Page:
The James Bond Quarantine Recap (Roger Moore):


Having enjoyed The Spy Who Loved Me, it was somewhat galling to have to sit down and watch it again … but worse … in space.

You see, in the summer of 1977 a weird little flick about a princess, a pair of gay robots, a cowboy, his pet carpet, a hermit, a farmhand, and a man with a coal bucket on his head, was released in theatres, and blockbusters changed forever. Thanks to the phenomenal success of Star Wars, ‘Space Opera’ became the new default for sci-fi, and producers began ordering copies of Joseph Campbell’s The Hero’s Journey in bulk.

There are many reasons why A New Hope (as it was later known) is a good film, but very little of that has to do with it being set in outer space. In fact, the majority of it takes place in Tunisia, so if anything Maghreb should have been Bond’s next Exotic Location. Nevertheless, EON took one look at the box office returns of Star Wars and thought: “Hey, if we add some lasers and Death Stars to our next Bond movie, the kids’ll lap it up!”

I shouldn’t have to tell anyone that ‘Bond in Space’ is a shite idea. It’s a terrible thing to say out loud, let alone to spend $34 million on. I will admit that some of the special effects are quite good, but that’s about it. Indeed, only the last third of the film is set in space, with the rest of the movie spent racing around the world, like a supercut of a Michael Palin documentary running at 200% speed.

The plot is exactly the same as TSWLM, only with Hugo Drax wanting to destroy the world by stealing spaceships to form a utopian space society, instead of Karl Stromberg wanting to destroy the world by stealing subs to form a utopian underwater one. Bond goes to Drax’s space-engineering headquarters, and is almost killed in a g-force simulator, in a scene with gurning nearly as ridiculous as the stuff we saw when Sean was fucked by that damn machine.

Bond bones Drax’s girlfriend and learns about a glass vial from Venice that’s somehow vital to his nefarious plot. There, Bond takes a gondola ride, and another barge bearing a coffin drifts past. A vampire dude pops out, as well as an armoury of knives, and he throws a chib at Bond’s bargeman, killing him. Then he throws one at Bond and misses, so Bond throws it back and kills him, then Bond presses a button, and it turns out the gondola has a motor at the back, and it shoots off down the canal, while the coffin hits a bridge and topples into the drink, and then Bond inflates the bottom and it turns into a hovercraft, and then he slides onto the Plaza San Marco, in his ridiculous boat, in front of hundreds of witnesses, knocking over tables and bumping into waiters, and this man is meant to have covert skills, and then a pigeon does a double take. I’ll say that again: a pigeon does double take.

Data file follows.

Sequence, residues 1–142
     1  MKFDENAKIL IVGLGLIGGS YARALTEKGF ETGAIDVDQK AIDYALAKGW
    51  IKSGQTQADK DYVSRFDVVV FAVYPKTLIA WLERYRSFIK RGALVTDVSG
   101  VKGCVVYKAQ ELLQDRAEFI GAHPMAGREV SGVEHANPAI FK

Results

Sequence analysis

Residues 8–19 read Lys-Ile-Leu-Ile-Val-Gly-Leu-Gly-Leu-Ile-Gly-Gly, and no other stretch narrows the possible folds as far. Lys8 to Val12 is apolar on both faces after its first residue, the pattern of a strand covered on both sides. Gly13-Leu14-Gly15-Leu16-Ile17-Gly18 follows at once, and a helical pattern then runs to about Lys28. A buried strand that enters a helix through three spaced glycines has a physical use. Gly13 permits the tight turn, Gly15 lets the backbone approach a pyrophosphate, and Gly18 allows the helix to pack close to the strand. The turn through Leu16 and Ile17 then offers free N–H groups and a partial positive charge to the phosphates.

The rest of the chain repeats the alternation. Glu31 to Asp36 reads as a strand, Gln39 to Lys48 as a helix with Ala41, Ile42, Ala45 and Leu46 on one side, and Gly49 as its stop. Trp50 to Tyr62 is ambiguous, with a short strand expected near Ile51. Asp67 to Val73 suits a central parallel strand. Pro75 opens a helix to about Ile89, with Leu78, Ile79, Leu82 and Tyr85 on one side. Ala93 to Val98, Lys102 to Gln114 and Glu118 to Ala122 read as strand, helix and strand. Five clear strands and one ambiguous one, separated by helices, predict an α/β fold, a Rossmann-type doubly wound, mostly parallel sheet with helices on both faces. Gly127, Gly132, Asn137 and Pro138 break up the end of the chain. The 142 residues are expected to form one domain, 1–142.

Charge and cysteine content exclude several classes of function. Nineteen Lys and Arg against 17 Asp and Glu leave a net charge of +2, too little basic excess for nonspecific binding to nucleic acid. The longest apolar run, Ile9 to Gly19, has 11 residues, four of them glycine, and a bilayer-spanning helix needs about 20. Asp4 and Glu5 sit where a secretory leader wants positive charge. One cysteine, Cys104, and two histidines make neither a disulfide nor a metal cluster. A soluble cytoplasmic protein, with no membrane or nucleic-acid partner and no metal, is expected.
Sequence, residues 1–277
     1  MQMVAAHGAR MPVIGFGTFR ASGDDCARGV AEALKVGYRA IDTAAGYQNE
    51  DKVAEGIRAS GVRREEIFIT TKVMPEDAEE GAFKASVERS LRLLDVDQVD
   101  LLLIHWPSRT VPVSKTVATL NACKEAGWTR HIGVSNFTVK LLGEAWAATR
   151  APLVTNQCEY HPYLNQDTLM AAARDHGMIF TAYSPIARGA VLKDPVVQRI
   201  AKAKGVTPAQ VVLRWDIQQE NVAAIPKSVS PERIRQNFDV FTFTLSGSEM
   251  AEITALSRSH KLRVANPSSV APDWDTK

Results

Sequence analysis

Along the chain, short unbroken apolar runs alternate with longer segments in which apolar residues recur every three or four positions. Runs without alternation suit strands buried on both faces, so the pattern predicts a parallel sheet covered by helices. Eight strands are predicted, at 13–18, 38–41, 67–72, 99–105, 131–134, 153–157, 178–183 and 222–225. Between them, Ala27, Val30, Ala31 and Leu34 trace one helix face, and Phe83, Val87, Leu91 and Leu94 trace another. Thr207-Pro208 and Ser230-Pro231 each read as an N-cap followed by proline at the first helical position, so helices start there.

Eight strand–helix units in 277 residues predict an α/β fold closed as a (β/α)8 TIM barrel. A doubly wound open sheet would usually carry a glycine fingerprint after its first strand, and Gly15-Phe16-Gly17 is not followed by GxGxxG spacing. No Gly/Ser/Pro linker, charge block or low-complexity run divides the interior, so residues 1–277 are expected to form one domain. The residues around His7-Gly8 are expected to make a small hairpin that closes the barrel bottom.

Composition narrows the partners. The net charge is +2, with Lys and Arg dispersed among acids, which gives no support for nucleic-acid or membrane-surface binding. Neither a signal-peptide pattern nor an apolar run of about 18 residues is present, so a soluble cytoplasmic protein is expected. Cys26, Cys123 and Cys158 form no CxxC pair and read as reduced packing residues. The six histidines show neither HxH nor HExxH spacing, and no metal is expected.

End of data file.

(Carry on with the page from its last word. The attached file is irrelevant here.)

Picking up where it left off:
If you found that exhausting to read, then just imagine what an ordeal it was to watch.

To be fair to Moonraker, the opening stunt is pretty amazing, with Bond fighting Jaws and a number of other goons while skydiving. Just knowing this was filmed with stuntmen diving over 70 times to get the sequence just right makes Bond skiing off a cliff look lame by comparison. But then all that tension evaporates when Jaws survives a fall from 20,000 feet by landing on a circus tent and emerging from its folds completely unscathed. I didn’t realise Chuck Jones directed this. I was seriously surprised Bond didn’t trick him into taking the bag with the giant anvil inside, instead of the parachute.

So we have to talk about Jaws. I mentioned previously that I thought that Jaws was one of the coolest James Bond Henchmen, so it’s quite dispiriting to see Moonraker turn him into a complete joke. I don’t think anyone watching The Spy Who Loved Me ever thought: “You know what would enhance this character? A love interest!” Yet that’s exactly what the movie gives him for no reason at all.

Halfway through the film, Jaws meets an equally-mute blonde lassie with pigtails, who looks like a 25-year-old masquerading as an 8-year-old in a Christmas panto. There are hints that this woman might be a bit slow, mostly due to the fact that she first meets Jaws when he stumbles out of the wreckage of a cable car and instantly falls in love with him. She isn’t put off by his metal teeth, criminal record, or giantism either. Ah well; when ya know, ya know, ya know?

The movie later has Jaws switch allegiances when he realises that The Mastermind’s plan is to destroy the world and restart society with a bunch of beauty queens/kings means that him and his new squeeze are for the chop. So Mr Jaws and Mrs Jaws-To-Be earn a redemptive moment by saving Bond and Holly Greatsuck, and wave goodbye to them through a little spaceship porthole while astronauts fire lasers at each other.

I don’t know what I was drinking when this happened, but all I remember is that suddenly needed a lot more of it.

There was a point during this mess where I zoned out completely. Bond saved the day, slept with his bird, and I was only jolted awake by the stomach-churning ‘attempting re-entry’ pun at the end, which was just a rehash of the end of the last film anyway.

It’s weird when you feel nostalgic for something you’ve never lived through or experienced first-hand. But halfway through this fever dream I started really pining for the Dr No days, when this franchise was all about a dangerous man in a suit foiling communists, and not about anything the producers thought would sell a ticket.

The only good thing about Moonraker is that it’s the irrevocable point where the classic Bond movies realised they went too far, and every movie hence, no matter how flawed, is a conscious attempt to step back from its excesses.

Published by itshendo

Callum Henderson is a carbon-based life form who graduated with a degree in Journalism and Creative Writing from the University of Strathclyde in 2016.

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